|By José R. Cárdenas
Last week, the Trump administration issued a stark warning to Colombia: Unless it improves efforts to reduce coca cultivation and cocaine production, it runs the risk of having “failed demonstrably” to adhere to its obligations under international counternarcotics agreements.
It was an unprecedented admonishment of the strongest U.S. ally in Latin America.
Colombia’s commitment to eradicating and seizing illegal drugs has been nothing less than heroic for nearly two decades. Regrettably, however, the warning was unavoidable.
A month before the United States called out Colombia, the Drug Enforcement Agency said that the United States would likely experience in 2018 the highest cocaine supply and usage levels in a decade — a direct consequence of the Colombian government’s policy decisions as part of its efforts to reach a peace agreement with the narco-terrorist Revolutionary Armed Forces of Colombia (FARC).
Colombia is the main source of cocaine for the U.S. market.
According to the DEA, the Colombian government “eased eradication operations in areas controlled by the FARC to lessen the risk of armed conflict during peace negotiations.” To put it more bluntly, as a result of concessions made to the FARC by the government of President Juan Manuel Santos, “Colombia coca cultivation and cocaine production in 2016 reached the highest levels ever observed.”
Frankly, this is the last thing we need to hear as our country struggles with ongoing opioid and methamphetamine crises that are wrecking havoc from coast to coast and already taxing U.S. capacity to cope with the public health and law enforcement fallout.
Even more disturbing, however, is that the Colombia case is indicative of a larger problem in the Western Hemisphere: the collapse of the regional consensus on combating the cultivation and trafficking of illicit drugs. That consensus was always fragile, as our neighbors chafed at the notion that we were pushing them to spill their blood to help solve a problem caused by the American people’s irresponsible drug consumption.
To hold that consensus together, successive U.S. administrations used determined diplomacy and prodigious budgets to not only strengthen local enforcement and eradication policies, but also shore up judicial systems and sponsor alternative development programs to wean farmers from participating in drug economies.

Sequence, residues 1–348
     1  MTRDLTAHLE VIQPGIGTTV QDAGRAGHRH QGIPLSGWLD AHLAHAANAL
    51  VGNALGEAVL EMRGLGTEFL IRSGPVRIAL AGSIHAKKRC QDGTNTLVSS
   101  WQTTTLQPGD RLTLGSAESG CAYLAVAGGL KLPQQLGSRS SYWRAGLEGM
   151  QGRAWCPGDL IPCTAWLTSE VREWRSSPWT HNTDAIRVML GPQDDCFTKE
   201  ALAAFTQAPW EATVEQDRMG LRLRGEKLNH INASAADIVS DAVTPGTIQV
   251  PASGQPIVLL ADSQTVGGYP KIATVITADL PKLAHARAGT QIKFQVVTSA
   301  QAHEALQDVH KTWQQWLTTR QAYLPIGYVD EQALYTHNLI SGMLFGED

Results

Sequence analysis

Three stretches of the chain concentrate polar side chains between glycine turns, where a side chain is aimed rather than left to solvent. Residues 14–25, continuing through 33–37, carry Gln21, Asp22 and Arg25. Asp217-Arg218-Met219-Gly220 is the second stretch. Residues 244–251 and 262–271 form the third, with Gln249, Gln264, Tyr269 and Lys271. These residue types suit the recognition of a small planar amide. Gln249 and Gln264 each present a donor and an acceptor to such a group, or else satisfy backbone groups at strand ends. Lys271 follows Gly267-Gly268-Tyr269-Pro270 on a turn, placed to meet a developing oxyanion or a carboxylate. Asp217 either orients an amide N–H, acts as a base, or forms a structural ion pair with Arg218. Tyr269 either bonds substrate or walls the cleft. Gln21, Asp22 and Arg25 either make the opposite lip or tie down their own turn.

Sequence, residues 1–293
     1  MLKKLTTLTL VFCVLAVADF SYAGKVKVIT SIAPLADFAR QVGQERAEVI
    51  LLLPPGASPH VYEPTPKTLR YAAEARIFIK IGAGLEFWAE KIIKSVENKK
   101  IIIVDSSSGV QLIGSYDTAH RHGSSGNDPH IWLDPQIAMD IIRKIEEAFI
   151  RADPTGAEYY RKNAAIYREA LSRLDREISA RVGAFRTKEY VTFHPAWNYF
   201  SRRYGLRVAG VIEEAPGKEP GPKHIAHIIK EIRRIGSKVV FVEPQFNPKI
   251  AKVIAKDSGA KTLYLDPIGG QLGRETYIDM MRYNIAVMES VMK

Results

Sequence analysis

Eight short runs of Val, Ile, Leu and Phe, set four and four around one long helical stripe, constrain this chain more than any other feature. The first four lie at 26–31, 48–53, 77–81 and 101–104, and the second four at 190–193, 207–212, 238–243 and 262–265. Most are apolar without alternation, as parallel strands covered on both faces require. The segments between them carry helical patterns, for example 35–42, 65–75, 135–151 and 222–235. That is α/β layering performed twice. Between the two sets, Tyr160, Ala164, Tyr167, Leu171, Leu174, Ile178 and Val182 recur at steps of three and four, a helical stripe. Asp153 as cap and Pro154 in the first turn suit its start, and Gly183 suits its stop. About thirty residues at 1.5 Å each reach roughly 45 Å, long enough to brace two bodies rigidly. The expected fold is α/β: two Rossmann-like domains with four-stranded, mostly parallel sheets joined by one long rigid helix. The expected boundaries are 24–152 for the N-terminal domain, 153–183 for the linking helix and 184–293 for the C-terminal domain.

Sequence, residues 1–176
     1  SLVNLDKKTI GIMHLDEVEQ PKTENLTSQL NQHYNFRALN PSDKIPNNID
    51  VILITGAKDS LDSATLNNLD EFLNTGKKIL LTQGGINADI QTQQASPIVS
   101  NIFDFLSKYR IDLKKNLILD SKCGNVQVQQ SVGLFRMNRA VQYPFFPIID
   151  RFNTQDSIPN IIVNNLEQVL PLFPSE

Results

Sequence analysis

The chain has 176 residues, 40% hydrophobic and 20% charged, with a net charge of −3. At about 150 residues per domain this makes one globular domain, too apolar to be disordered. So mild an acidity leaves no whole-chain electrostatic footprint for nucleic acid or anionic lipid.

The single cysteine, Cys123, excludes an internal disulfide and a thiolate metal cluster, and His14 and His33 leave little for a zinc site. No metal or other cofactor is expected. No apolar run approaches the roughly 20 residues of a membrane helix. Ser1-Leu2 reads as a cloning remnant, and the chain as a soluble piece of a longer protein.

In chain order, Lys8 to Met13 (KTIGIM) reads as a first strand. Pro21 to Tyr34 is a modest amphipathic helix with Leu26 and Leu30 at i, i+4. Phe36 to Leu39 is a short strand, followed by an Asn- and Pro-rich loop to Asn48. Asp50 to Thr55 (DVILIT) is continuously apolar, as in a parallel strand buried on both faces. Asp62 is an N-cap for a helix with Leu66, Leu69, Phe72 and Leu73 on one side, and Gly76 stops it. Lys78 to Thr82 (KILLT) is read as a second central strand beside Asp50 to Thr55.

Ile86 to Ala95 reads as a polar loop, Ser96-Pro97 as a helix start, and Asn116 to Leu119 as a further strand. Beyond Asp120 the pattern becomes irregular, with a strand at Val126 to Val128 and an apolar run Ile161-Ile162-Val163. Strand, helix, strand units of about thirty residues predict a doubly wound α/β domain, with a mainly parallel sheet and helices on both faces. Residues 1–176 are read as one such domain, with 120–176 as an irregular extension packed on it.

That commitment, however, waned under the Obama administration, in its headlong flight from any policy that smacked of U.S. heavy-handedness in the Americas. Without strong U.S. leadership, it was inevitable that regional governments would look to escape the tough choices on the drug suppression side.
Last year, the United States dodged a bullet at a United Nations General Assembly special session on drugs that sought to declare the U.S.-backed focus on enforcement and criminalization a failure and to support more “humane solutions.” The effort, led by longtime U.S. partners Mexico, Guatemala, and Colombia, fell short of the ultimate goal, but it exposed that we and our regional partners are no longer on the same page on drugs.
The Trump administration’s statement on Colombia demonstrates that the White House is intent on recapturing the initiative on combating illegal drugs in the Americas. It would do well to impress on our regional partners that fighting drugs is not a choice between reducing supply or reducing demand. Eradication and interdiction are not foreign impositions, but essential pillars of any counternarcotics strategy, augmenting and working in concert with prevention and treatment-oriented policies.
Secondly, the Trump team should emphasize that drugs are not just a U.S. problem and that our neighbors are not immune from the consequences of the drug scourge. No one, of course, disputes the corrupting influence of drug trafficking organizations that suborn governments and law enforcement and undermine security by turning public streets into literal shooting galleries.
But our partners are also suffering from their own consumption problems, which pulling back from prohibitionist policies will only exacerbate. According to the Organization of American Sates, the percentage of secondary students using cocaine is higher in Colombia, Chile, Argentina, Brazil, and several other Latin American countries than in the United States. The U.N. reports, “The number of people in treatment for cocaine use disorders remains quite high in Latin America and the Caribbean, where nearly half of people in treatment for drug use disorders are treated for cocaine use.” The social consequences of increased drug use do not need to be explained.
It may be that we will never be able to declare final victory in the “war on drugs,” any more than we will be able to eliminate other social ills through efforts such as the “war on poverty.” But we have a moral responsibility to ourselves and to our children to use every conceivable means to contain and manage the fallout from these debilitating substances. Reconstituting the regional consensus around this truth will not be easy or be accomplished overnight. It is imperative, however, that we recommit ourselves to the effort.